The quantity of shell grit and sand extracted from the Zeeland Banks is increasing due to the growing demand for sand for coastal defences and domestic use. IMARES is looking into the effects on seabed fauna before and after extraction.
The Zeeland Banks off the coast of the province of Zeeland form part of an extensive area of shallow sandbanks stretching along the English Channel from France and Belgium to the Netherlands. The sandbanks run south-west to north-east and started to form centuries ago as a result of the working of tidal flows. This has led to an immense variation in currents, water depths, and seabed types. Despite its long history, the top layers of the seabed remain extremely dynamic and there are large differences in sediment categories.
Sand from the Zeeland Banks is extracted from clearly defined concession areas. All seabed organisms in these areas are sucked up together with the sand and removed by dredgers. What remains is a long, hollowed out, shallow trench in which the seabed fauna can recover and adjust to the new circumstances.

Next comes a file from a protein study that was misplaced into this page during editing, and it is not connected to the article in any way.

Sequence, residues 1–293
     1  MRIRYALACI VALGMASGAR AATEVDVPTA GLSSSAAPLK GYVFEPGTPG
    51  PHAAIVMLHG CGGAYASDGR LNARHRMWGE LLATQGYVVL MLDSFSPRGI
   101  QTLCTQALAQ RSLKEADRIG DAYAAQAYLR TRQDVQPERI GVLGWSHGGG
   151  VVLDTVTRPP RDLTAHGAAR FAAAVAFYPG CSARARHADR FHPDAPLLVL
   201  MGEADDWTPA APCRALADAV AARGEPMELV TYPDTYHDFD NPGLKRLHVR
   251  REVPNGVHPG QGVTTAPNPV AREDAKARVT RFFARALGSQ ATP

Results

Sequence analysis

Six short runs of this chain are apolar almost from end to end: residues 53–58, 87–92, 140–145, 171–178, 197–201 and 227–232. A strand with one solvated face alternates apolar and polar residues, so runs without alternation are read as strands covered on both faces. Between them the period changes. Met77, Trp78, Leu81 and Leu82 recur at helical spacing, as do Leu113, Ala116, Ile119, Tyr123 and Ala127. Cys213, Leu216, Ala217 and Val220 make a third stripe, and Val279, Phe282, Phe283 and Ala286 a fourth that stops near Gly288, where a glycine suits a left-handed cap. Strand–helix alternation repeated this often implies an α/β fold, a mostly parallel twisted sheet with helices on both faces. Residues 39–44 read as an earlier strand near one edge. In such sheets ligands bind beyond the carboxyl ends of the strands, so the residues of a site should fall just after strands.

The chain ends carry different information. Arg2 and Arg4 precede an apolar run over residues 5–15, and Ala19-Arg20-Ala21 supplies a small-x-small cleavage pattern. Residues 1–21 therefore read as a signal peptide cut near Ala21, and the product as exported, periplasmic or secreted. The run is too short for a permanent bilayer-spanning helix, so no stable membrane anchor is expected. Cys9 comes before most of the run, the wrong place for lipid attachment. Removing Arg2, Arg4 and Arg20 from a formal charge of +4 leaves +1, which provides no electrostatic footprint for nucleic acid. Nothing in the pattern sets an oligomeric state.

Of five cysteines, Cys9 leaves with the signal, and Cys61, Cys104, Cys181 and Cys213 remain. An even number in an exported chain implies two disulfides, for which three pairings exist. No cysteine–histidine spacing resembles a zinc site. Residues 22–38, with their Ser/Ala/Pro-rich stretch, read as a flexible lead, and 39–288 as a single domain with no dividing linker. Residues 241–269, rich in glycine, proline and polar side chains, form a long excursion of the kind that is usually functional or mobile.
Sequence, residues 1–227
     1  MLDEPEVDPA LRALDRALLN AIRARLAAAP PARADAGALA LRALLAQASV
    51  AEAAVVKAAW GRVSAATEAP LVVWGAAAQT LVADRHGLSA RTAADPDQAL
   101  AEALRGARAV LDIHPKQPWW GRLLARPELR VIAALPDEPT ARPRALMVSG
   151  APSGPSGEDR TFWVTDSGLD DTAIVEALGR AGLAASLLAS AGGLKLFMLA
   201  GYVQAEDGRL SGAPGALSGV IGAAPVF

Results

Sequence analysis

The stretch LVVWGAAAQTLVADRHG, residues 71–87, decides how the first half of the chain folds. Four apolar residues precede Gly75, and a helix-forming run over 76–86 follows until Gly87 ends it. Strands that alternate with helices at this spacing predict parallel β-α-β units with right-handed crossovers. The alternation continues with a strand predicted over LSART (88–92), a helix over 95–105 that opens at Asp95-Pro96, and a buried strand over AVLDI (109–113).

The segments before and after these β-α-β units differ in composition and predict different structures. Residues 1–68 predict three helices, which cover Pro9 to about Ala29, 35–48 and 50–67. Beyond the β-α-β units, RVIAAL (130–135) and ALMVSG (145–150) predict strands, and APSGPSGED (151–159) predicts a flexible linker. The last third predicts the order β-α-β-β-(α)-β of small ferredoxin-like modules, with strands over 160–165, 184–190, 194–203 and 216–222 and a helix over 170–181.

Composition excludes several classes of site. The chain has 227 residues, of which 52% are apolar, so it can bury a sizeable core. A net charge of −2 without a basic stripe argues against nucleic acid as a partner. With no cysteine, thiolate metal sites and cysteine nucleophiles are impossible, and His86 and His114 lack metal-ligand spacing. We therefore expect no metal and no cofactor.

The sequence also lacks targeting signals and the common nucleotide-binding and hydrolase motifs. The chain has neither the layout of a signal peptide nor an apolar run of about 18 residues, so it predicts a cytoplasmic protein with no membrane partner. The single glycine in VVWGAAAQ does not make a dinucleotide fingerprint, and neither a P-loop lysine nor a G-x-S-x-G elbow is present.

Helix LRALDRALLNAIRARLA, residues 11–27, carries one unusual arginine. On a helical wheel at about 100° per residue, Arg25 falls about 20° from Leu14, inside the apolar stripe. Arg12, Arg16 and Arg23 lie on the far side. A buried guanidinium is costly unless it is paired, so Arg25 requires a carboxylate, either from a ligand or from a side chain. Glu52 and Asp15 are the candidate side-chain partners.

IMARES is researching the original and resulting seabed fauna from samples taken using various techniques, including a grab dredger and a box corer, which both bring up fixed quantities of sediment to the surface, together with all the organisms that happen to be on the seabed at the time.
The species in the samples are sorted and give an indication of the development of communities of seabed fauna over a period of years. The effect of extraction on this highly dynamic ecosystem is determined by taking samples from locations where sand is removed and locations that are left undisturbed.